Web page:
Low-pH cola beverages do not affect women's iron absorption from a vegetarian meal

Rachel Collings, Susan J. Fairweather-Tait, Jack R. Dainty, Mark A. Roe

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8 Citations (Scopus)


Preliminary data in the literature indicate that iron absorption from a meal may be increased when consumed with low-pH beverages such as cola, and it is also possible that sugar iron complexes may alter iron availability. A randomized, crossover trial was conducted to compare the bioavailability of nonheme iron from a vegetarian pizza meal when consumed with 3 different beverages (cola, diet cola, and mineral water). Sixteen women with serum ferritin concentrations of 11–54 µg/L were recruited and completed the study. The pizza meal contained native iron and added ferric chloride solution as a stable isotope extrinsic label; the total iron content of the meal was ~5.3 mg. Incorporation of iron from the meal into RBC was not affected by the type of drink (9.9% with cola, 9.4% with diet cola, and 9.6% with water). Serum ferritin and plasma hepcidin were correlated (r = 0.66; P<0.001) and both were significant predictors of iron bioavailability, but their combined effect explained only 30% of the inter-individual variation (P<0.001) and illustrates the current lack of understanding of mechanisms responsible for the fine-tuning of iron absorption. Although there was no effect of low-pH drinks on iron bioavailability in healthy women, their effect on absorption of fortification iron that requires solubilization in dilute acid, such as reduced iron, and in individuals with low gastric acid production, such as older people and individuals with Helicobacter pylori infection, warrants further investigation.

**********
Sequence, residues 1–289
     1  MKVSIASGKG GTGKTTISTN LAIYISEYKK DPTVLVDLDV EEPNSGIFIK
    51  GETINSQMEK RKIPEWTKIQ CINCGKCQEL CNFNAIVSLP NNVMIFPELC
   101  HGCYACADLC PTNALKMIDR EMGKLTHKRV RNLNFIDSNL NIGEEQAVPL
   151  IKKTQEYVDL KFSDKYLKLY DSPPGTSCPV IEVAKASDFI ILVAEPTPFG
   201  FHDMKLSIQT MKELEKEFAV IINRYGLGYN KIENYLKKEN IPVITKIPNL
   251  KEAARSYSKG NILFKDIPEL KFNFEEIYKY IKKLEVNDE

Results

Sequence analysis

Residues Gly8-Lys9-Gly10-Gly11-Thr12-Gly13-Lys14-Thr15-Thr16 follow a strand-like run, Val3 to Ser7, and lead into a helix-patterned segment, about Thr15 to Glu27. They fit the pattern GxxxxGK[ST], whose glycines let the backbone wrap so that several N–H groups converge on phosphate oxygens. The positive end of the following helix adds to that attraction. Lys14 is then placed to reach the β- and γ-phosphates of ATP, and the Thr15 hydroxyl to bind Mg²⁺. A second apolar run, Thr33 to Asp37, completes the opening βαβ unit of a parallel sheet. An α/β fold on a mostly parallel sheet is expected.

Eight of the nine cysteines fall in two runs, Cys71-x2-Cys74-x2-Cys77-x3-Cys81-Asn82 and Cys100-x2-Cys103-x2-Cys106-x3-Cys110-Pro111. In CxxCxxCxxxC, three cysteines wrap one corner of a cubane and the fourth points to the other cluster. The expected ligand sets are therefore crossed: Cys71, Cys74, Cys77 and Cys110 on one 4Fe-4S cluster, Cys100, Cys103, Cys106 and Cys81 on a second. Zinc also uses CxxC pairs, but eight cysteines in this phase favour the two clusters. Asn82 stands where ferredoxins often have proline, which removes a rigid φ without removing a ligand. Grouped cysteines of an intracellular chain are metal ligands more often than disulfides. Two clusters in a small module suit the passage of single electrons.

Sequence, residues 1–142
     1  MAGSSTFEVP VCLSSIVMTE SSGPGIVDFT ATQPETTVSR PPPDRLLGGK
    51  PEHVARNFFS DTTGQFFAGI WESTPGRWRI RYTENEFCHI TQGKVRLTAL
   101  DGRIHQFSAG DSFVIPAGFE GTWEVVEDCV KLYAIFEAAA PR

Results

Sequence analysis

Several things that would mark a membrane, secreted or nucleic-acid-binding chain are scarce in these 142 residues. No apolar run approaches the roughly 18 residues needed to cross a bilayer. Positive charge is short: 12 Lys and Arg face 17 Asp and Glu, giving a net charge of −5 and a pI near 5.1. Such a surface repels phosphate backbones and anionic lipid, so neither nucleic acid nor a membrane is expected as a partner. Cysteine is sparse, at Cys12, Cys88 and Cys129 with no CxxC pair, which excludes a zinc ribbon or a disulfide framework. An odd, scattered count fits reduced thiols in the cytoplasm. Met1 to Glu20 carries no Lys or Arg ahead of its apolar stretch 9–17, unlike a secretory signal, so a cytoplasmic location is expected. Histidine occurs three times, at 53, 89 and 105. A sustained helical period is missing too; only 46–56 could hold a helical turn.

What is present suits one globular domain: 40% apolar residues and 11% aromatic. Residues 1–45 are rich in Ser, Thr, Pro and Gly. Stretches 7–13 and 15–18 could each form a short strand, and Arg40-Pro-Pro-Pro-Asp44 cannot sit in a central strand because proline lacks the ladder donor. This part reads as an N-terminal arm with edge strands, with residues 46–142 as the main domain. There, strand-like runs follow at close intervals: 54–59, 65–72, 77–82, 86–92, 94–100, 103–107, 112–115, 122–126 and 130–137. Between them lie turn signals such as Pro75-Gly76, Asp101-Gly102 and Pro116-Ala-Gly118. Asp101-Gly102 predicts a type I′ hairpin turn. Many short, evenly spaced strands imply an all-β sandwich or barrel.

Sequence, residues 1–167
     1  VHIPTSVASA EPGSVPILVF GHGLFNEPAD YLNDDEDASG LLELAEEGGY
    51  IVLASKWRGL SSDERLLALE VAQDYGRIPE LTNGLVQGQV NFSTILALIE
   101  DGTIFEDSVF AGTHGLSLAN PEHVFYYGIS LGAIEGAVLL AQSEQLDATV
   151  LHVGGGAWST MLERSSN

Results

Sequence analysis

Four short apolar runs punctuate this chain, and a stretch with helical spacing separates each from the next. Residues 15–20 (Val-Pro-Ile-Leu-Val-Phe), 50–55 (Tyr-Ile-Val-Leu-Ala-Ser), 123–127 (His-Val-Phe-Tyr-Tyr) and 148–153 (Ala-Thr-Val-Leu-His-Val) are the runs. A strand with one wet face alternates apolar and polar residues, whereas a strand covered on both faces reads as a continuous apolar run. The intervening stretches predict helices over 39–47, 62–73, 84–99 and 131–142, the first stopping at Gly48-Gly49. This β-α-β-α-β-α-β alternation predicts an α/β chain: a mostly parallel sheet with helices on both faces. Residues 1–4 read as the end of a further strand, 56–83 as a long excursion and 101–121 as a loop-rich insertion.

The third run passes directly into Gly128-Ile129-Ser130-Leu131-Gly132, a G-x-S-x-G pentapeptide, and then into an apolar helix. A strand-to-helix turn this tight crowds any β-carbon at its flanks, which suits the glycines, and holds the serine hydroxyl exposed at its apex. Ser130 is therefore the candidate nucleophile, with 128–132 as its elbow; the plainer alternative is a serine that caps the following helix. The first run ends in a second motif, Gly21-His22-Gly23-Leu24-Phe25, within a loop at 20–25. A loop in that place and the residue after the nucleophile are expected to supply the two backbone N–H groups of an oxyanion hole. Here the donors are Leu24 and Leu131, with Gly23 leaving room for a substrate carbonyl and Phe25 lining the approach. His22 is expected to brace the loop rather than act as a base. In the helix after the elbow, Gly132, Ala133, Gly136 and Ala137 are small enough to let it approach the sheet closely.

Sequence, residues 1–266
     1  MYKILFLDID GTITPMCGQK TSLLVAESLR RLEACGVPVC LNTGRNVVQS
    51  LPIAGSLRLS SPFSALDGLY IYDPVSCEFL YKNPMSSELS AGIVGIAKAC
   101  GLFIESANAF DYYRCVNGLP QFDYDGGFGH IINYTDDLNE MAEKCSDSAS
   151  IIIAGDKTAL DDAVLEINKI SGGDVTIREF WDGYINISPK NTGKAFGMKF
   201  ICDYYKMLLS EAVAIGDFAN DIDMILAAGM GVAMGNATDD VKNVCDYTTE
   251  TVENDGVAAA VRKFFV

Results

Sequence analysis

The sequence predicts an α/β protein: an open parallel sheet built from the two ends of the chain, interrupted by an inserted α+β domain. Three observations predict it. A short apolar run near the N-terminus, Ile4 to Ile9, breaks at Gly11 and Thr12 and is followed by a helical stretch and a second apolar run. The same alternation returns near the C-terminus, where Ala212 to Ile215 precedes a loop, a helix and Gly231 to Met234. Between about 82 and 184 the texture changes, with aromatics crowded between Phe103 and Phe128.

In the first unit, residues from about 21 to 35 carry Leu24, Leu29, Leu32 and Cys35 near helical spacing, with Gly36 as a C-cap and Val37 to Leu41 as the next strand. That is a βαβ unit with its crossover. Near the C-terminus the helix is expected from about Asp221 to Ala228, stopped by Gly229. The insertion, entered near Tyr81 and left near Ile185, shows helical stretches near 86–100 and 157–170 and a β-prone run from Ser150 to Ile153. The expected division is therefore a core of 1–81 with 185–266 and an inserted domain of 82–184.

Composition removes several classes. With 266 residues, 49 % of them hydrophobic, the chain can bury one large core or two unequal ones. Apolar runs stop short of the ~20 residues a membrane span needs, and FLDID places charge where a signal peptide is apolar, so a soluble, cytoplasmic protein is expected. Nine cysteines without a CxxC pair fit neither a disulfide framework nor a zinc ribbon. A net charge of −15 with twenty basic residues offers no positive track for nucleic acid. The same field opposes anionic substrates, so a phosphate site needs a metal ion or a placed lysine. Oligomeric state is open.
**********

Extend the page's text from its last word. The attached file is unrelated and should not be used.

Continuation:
Original languageEnglish
Pages (from-to)805-808
Number of pages4
JournalJournal of Nutrition
Issue number5
Publication statusPublished - May 2011


  • Adult
  • Aged
  • Anemia, Iron-Deficiency
  • Antimicrobial Cationic Peptides
  • Carbonated Beverages
  • Cross-Over Studies
  • Diet, Vegetarian
  • Dietary Sucrose
  • Erythrocytes
  • Female
  • Ferritins
  • Hepcidins
  • Humans
  • Hydrogen-Ion Concentration
  • Intestinal Absorption
  • Iron
  • Iron, Dietary
  • Middle Aged
  • Reproducibility of Results

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